clearly_not_atara - 26-1-2021 at 06:34

Reactions of this form have been reported also with hydantoin, although the hydrolysis product, instead of the arylpyruvic acid, is the toluene! For some reason, when using hydantoin, hydrolysis removes a unit of oxalic acid.

I think all of these reactions are interesting and hydantoin is easy to make: urea + glycine, urea + glyoxal, etc.

Attachment: henze1940.pdf (408kB)
This file has been downloaded 181 times

zed - 26-1-2021 at 06:52

Ummm. Seems to me you would be reacting Na with Br, and leaving behind a diazonium acrylate.

Don't know if you can do that. Don't know if you can do that safely.

Me, I'd attempt that coupling, pretty much the way the authors did it.

Never really occurred to me there was such a thing as Sodium Acrylate.

Gonna look that up.....

OK. I'm thinking; no way Jose'.

Don't know what would happen. Can you get Acrylic acid out of Sodium Polyacrylate? I don't know.

Methyl Methacrylate can be produced by pyrolysing Lucite.

[Edited on 26-1-2021 by zed]

[Edited on 26-1-2021 by zed]

njl - 26-1-2021 at 07:10

That was poorly phrased, I mean in the reaction of a radical (in that case the phenyl radical) with an alkene like acrylic acid/acrylate, would there be any difference in reactivity between acrylate and acrylic acid. Also, how would acrylate/acrylic acid compare in a michael-type addition?

clearly_not_atara - 26-1-2021 at 08:08

Quote: Originally posted by njl  
Would sodium acrylate react the same way that acrylic acid or would there be a difference in their behavior?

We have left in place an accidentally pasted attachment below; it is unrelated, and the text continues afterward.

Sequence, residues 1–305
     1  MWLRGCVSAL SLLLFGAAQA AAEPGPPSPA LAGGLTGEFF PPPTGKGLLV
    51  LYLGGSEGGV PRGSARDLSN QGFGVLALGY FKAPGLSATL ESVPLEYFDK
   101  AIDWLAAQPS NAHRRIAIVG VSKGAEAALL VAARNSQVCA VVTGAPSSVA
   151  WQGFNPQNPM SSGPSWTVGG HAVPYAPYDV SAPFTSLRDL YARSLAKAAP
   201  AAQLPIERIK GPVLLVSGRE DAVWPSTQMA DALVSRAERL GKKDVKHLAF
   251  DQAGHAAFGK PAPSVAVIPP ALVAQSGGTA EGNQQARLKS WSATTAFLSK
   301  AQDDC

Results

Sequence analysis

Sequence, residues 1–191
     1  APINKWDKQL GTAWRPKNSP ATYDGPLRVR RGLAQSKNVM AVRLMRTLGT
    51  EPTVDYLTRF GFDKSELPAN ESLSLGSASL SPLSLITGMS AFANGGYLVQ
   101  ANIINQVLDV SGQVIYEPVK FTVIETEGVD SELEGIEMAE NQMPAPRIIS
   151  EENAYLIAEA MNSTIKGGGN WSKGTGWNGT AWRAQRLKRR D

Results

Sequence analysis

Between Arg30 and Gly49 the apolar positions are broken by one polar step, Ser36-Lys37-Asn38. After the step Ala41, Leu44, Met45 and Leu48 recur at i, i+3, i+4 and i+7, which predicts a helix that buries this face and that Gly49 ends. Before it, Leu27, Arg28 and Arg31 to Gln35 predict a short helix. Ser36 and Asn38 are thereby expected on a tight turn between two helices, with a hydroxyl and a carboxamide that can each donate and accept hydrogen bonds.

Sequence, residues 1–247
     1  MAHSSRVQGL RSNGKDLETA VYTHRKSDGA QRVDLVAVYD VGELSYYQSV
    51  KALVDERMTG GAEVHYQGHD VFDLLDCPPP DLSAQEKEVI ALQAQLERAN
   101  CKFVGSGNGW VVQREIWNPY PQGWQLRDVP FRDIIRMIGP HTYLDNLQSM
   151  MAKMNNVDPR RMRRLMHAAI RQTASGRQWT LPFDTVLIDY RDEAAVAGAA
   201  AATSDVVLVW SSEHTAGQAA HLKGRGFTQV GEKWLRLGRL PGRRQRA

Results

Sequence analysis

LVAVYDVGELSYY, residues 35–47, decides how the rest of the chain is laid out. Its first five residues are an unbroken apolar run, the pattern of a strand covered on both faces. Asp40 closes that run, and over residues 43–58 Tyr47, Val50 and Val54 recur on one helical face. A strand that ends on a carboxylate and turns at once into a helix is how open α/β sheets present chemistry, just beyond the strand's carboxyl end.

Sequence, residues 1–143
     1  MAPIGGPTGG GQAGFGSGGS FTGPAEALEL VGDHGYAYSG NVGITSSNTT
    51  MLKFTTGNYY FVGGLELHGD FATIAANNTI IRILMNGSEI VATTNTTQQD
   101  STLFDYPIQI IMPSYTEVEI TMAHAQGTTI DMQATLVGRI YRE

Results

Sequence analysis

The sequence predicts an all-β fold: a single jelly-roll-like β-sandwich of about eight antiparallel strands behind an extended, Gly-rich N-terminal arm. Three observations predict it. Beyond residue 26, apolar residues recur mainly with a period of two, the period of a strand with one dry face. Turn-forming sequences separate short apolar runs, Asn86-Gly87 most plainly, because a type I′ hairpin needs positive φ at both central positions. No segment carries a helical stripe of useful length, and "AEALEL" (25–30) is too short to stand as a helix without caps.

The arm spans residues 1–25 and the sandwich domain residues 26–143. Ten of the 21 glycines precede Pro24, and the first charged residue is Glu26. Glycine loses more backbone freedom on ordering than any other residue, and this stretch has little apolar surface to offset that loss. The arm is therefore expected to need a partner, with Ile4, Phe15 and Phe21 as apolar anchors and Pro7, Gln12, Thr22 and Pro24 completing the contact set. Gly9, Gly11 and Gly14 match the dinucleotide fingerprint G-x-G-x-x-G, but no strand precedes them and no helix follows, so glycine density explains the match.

Because the carboxylate is negatively charged, it affects the dipole moment of the alkene. See also phenolate being more reactive (at CH) than phenol, catecholate discoloring in air, etc.

The Meerwein arylation is a radical reaction so it's difficult to predict the process but a change is definitely possible: inverse regioselectivity, formation of an ester, rearrangements, etc. In particular, since radical decarboxylation is a thing, I think you'd see that.

By contrast, the Michael addition is easy to predict: it won't work with a carboxylate. The carboxylate is negatively charged, so it is no longer electron withdrawing.

[Edited on 26-1-2021 by clearly_not_atara]

zed - 26-1-2021 at 23:01

Now, from my perspective; the question is: "Can I get Acrylic Acid, out of Sodium PolyAcrylate."

That would make Acrylic Acid OTC.

Which would be nice. I can buy Sodium PolyAcrylate online.... Cheap!

So... Anybody got a procedure for Neutralizing Sodium PolyAcrylate, and recovering the free Acrylic Acid?

The interesting thing here, is about synthesizing a PhenylPyruvic Acid, or an Amino Acid. The target molecules.

The idiosyncratic behavior of diazonium salts is not easily understood. And frankly, I'm no expert.

Now, 3,4,5-Trimethoxyphenylalanine, and its decarboxylation product, those are understandable objectives.